If you want to turn your living space into an attractive green jungle-scape, fit for an Arnold Schwarzenegger hunting Predator alien and a rag tag-band of US Commandos, then this is the article you have been looking for.
Now, of course you could just pile up tonnes of plants in your living space and call it a jungle, but there are some helpful principals that would be useful to keep in mind, so you can create an impactful and congruent jungle look in your bachelor pad, or maybe even a jungle man cave? That way you won’t end up with a strange looking garden center type apartment, with dying plants and a huge water bill.
We ideally need to create an illusion of depth, structure and size, like a real jungle, using hard to kill, shade tolerant, indoor plants which won’t turn brown after a few months indoors. This isn’t about flowers, it’s about folioage. Check out your local garden stores indoor plants to suit the climate you are from, or have a look at our other plant-based articles which will help you on your way, including our Mini indoor gardens article and are one on Hard to Kill House Plants.
Using a mixture of differently structured plants can add to the ‘jungle’ look, after all jungles aren’t just made of one type of plant. Overlapping hanging and potted floor plants is a great way of acheiving this, as in the above photo. Placing them in a staggered fashion thhrough a living space (as in the photo) is another great way of creating that deep jungle-type look we are going for, the light is caught by those big leaves and it looks great.
This London Jungle-garden is also worth mentioning just for the sheer sense of depth that you get from the scene. Juan Carlos, from highgate, London turned his 20ft by 16ft patio garden area into a scene from his native Columbia.
Carlos planted darker leaved-plants on the back fence, like small-leaved ivy in planting pockets and then placed larger leaved, lighter-hued plants in front of them, to manipulate the light, and give a sense of depth….nice. This is a pricipal you could use yourself in your own living space, perhaps with a dark green wall with some lighter plants in front. You can grab some faux ivy decorative hedge reel from Amazon…to help achieve this look. Aparently when Carlos’s friends visit, they ask: ‘what’s behind the plants?’ Carlos rasied the ground of his garden by surrounding the space with steel panels, allowing for fertilizer to fill up the ground, so the hungry tropical plants would thrive. You can ead this article for more information about how Carlos acheived this jungle-garden.
This low light or ‘shade tolerant’ arrowhead vine (Syngonium podophyllum) would make an ideal backround for our illusion of a ‘deep’ jungle idea. Beware, this vine is an invasive species in the USA so make sure it doesn’t escape into the wild. Take some of the below photos, for example, there are pretty cool jungle type apartment with diverse structures and of plants with shrubs, larger plants, vines, plants hanging from the ceiling, different shades of plants etc. but one way to improve them, for a deeper jungle effect, would be the above tactic using some kind of dark leaved vine wall.
Cleverly locating your plants can add to a jungle vibe. Jungles have roughly five levels, forest floor, shrub, understory, canopy, emergent layer. I’m sure there’s some zoologists out there who claim there are more or less, but for the sake of the article lets roll with that. If you’re really into your jungle look, you could loosely imitate these multiple layers. Maybe have a ground level of succulents, leading to some spider plans, and then a large swiss cheese plants, all in front of some ivy backround – Boom! An easy indoor jungle.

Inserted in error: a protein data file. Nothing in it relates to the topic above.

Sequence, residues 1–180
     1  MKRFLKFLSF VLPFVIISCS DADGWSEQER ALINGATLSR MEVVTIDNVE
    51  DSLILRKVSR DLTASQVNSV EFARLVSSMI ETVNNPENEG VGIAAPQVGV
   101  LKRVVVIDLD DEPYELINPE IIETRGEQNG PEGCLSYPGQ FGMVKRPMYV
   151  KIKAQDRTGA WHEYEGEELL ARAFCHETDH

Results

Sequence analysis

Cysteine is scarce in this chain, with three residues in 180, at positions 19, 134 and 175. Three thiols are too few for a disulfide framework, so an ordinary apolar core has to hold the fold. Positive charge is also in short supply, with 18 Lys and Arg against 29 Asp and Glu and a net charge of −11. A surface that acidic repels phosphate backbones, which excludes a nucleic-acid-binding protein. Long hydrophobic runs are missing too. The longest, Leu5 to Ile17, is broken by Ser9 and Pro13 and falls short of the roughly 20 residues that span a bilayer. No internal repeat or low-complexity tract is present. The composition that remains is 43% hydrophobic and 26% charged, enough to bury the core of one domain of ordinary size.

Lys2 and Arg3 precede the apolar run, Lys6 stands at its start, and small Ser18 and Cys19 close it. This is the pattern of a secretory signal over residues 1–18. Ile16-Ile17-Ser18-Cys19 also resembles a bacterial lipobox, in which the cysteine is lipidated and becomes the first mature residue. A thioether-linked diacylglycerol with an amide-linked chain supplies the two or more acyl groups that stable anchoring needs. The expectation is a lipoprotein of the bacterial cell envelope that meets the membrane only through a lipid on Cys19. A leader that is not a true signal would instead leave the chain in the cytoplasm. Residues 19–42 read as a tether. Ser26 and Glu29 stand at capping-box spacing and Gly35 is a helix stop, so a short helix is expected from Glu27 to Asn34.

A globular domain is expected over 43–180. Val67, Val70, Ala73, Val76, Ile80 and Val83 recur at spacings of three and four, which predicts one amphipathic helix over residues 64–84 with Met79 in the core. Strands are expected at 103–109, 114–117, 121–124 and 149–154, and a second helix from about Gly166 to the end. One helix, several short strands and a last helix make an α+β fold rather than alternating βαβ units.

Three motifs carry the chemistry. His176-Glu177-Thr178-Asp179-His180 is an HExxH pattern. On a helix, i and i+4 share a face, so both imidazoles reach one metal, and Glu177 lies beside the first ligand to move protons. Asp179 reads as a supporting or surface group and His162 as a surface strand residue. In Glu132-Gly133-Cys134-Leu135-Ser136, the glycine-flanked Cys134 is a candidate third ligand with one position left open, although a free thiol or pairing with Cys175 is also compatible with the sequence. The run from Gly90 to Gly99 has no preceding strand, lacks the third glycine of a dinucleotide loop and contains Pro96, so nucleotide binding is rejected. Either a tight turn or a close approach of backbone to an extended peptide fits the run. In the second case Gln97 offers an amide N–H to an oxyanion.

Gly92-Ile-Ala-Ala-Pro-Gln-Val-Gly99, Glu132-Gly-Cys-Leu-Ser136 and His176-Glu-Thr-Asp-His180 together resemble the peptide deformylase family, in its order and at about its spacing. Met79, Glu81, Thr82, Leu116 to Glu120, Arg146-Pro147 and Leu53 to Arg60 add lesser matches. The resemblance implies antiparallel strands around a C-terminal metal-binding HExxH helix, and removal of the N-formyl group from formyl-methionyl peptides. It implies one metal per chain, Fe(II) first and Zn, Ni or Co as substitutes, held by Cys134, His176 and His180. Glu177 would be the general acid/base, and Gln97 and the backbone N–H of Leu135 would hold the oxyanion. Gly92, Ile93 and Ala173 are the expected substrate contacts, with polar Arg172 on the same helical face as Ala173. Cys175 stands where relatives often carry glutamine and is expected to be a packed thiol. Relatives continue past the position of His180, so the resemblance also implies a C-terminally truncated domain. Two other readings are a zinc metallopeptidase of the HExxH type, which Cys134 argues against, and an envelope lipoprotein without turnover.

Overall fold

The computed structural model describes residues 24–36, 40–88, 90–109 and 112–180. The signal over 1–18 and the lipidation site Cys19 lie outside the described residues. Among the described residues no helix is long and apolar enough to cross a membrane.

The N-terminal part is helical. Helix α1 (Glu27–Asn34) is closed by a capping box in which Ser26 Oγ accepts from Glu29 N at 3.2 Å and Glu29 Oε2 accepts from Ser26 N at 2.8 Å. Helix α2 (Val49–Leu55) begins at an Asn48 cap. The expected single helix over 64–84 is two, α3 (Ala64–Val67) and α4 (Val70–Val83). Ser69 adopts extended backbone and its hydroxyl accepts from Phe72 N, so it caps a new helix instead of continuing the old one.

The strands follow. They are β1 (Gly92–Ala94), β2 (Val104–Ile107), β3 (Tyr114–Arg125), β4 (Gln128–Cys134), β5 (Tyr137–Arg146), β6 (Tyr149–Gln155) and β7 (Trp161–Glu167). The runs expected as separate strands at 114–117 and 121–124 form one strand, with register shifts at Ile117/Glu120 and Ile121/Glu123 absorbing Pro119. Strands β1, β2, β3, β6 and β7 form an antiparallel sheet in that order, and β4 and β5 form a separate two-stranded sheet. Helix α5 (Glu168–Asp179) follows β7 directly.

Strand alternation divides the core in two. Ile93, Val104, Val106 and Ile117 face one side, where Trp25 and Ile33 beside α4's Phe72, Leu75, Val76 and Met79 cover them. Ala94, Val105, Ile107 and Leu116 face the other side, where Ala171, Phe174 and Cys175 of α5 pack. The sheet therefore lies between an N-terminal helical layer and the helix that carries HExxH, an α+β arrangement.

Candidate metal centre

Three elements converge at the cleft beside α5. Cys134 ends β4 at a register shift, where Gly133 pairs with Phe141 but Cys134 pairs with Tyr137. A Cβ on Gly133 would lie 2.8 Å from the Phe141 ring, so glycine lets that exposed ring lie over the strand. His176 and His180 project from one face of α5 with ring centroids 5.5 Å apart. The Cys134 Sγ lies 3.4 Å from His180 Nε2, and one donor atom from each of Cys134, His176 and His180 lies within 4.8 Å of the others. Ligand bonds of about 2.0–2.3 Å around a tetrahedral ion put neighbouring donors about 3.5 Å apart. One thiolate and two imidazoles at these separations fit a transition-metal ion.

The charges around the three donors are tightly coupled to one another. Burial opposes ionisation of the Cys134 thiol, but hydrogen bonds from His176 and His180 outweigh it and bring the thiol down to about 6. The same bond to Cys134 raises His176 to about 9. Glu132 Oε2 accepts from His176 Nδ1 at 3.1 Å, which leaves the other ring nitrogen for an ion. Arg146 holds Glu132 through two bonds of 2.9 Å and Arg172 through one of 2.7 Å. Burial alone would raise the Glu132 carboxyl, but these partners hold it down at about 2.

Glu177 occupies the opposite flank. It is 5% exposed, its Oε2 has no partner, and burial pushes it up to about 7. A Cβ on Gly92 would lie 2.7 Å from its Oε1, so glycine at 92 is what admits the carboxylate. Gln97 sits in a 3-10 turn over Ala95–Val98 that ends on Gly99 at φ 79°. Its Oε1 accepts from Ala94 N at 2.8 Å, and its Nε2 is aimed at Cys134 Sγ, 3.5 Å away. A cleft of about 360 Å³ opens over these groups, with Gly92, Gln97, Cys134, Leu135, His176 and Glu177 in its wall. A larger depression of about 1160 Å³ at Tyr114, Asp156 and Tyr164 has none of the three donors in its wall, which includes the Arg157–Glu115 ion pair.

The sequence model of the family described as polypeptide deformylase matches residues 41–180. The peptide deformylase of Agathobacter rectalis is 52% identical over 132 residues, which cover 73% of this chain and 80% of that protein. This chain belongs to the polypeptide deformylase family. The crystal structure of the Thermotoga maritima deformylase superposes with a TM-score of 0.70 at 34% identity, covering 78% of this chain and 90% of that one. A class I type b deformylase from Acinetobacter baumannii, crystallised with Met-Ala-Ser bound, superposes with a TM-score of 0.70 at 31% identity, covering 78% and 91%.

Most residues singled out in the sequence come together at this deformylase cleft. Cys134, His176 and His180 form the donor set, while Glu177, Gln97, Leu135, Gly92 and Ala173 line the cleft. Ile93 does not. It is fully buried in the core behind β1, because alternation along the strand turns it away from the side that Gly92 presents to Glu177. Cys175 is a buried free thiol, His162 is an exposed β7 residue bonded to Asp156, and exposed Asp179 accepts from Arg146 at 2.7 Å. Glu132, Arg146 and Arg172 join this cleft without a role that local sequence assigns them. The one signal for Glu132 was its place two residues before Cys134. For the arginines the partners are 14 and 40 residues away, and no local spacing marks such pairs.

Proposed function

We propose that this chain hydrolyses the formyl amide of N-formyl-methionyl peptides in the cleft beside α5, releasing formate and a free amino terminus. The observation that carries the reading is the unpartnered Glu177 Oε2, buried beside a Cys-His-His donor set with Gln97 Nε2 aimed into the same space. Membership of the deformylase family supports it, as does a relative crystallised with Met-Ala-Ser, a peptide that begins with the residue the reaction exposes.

But the main take home point is, jungles are three-dimensional so mix up your layers, play with height, as well as depth. See below for some examples of this.
With all of these hanging plants and, look theres the swiss cheese plant on the right, this mini-jungle hits the structural sweet spot with it’s plants.
Here’s another one with plants at multiple levels of height, even on the stairs. I would probably slip on those stair-plants after a few whiskeys, but it’s a pretty cool idea none the less. It’s very spider plant heavy, they really are easy to care for plants, every man space/ jungle could do with at least one we think.
A cool way of achieving some height and backround with plants would be using one of these trendy ladder trellis pieces; either with a pot at the bottom with a climbing plant, or with faux ivy. The benefit being that you could easily move it around your living space when you get bored of it in a certain area. Check out our ladder shelf article for some more ideas of ladder shelves, which are pretty on-trend for male living spaces at the moment.
Summer Rayne Oakes from New York filled her apartment with 500 plants, that’s one way of making an apartment jungle. Check out the below images which are a good example of some of our above principals of creating a jungle in your living space, with hanging plants, very leafy plants, living walls and more. Even the toilet couldn’t escape being greenified.
Jungle Wall Paper
You could kind of cheat by having jungle wall paper as a backround. The above image has some accent bamboo forest backround wallpaper, with some addded hanging plants and a potted dragon tree for some real world jungle plants. Even the curtains are in on the action being green.
Thanks for reading!
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